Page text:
Designed in 1935 by Frank Lloyd Wright, Fallingwater or the Kaufmann Residence is one the famous architect’s most recognizable works.
Located in rural southwestern Pennsylvania, about 43 miles (69 km) southeast of Pittsburgh, Fallingwater is constructed over a waterfall on Bear Run river.
The house was designed as a weekend home for the family of Liliane Kaufmann and her husband, Edgar J. Kaufmann, owner of Kaufmann’s department store.
Time cited it after its completion as Wright’s “most beautiful job”; it is listed among Smithsonian’s Life List of 28 places “to visit before you die”.
It was designated a National Historic Landmark in 1966.
In 1991, members of the American Institute of Architects named the house the “best all-time work of American architecture” and in 2007, it was ranked 29th on the list of America’s Favorite Architecture according to the AIA.
via Library of Congress on Wikimedia Commons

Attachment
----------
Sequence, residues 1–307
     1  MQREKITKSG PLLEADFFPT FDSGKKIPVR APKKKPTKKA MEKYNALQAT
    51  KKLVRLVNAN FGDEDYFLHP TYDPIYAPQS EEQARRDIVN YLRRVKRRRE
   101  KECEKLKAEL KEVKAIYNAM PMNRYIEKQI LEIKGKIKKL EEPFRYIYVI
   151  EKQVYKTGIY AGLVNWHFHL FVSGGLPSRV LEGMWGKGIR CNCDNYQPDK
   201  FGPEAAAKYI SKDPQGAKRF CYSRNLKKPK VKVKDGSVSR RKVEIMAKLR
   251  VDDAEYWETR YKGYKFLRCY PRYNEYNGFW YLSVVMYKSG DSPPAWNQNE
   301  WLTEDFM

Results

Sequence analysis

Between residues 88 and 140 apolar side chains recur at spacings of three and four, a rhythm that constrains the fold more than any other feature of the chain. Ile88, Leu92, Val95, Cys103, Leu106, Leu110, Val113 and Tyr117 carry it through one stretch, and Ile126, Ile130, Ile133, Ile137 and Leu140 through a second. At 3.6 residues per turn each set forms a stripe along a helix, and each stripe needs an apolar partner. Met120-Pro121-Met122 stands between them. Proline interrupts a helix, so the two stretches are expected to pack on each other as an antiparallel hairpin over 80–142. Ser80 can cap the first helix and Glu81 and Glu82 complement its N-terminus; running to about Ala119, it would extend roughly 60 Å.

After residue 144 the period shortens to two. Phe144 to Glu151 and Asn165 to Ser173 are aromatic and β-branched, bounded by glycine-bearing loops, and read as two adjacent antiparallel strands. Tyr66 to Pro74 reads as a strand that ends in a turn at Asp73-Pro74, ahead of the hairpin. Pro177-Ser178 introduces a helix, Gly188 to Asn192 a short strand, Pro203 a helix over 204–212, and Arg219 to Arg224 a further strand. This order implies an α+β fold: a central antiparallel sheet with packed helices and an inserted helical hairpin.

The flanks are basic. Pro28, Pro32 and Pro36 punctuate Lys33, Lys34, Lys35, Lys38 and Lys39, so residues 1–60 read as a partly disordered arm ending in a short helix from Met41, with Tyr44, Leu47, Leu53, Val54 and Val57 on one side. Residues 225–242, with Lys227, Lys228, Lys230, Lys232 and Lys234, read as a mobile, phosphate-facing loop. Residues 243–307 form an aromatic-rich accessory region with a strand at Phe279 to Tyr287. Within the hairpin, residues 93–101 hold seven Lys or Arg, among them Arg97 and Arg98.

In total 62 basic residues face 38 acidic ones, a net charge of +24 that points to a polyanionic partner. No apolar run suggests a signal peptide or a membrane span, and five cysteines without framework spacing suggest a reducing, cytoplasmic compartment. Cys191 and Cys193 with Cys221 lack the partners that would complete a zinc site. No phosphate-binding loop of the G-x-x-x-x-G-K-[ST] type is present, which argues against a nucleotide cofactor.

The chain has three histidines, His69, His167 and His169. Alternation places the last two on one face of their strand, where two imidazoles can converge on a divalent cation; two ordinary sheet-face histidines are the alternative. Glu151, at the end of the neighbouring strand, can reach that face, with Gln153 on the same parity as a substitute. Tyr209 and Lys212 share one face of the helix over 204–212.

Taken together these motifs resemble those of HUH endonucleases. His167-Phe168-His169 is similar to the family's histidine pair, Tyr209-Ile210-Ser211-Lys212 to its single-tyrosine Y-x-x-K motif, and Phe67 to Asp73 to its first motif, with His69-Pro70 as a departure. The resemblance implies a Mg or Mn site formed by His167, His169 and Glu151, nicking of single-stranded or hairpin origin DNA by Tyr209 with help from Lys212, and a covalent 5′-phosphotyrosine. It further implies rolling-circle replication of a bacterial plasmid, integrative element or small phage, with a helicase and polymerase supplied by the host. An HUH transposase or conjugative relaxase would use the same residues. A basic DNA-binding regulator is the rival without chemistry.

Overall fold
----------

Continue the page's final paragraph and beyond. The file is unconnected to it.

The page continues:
Source: Picture of the Day: Fallingwater, Pennsylvania «TwistedSifter

History of Art in the Pin Up. .

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by Art Frahm
In “The Art of Pin-up,” Dian Hanson describes a pin-up simply as a “provocative but never explicit image of an attractive woman created specifically for public display in a male environment.”
But this imaginary female isn’t just attractive.
“Her sexiness is natural and uncontrived, and her exposure is always accidental:
A fishhook catches her bikini top, an outboard motor shreds her skirt, a spunky puppy trips her up or the ever-present playful breeze lifts her hem, revealing stocking tops and garter straps, but never the whole enchilada.”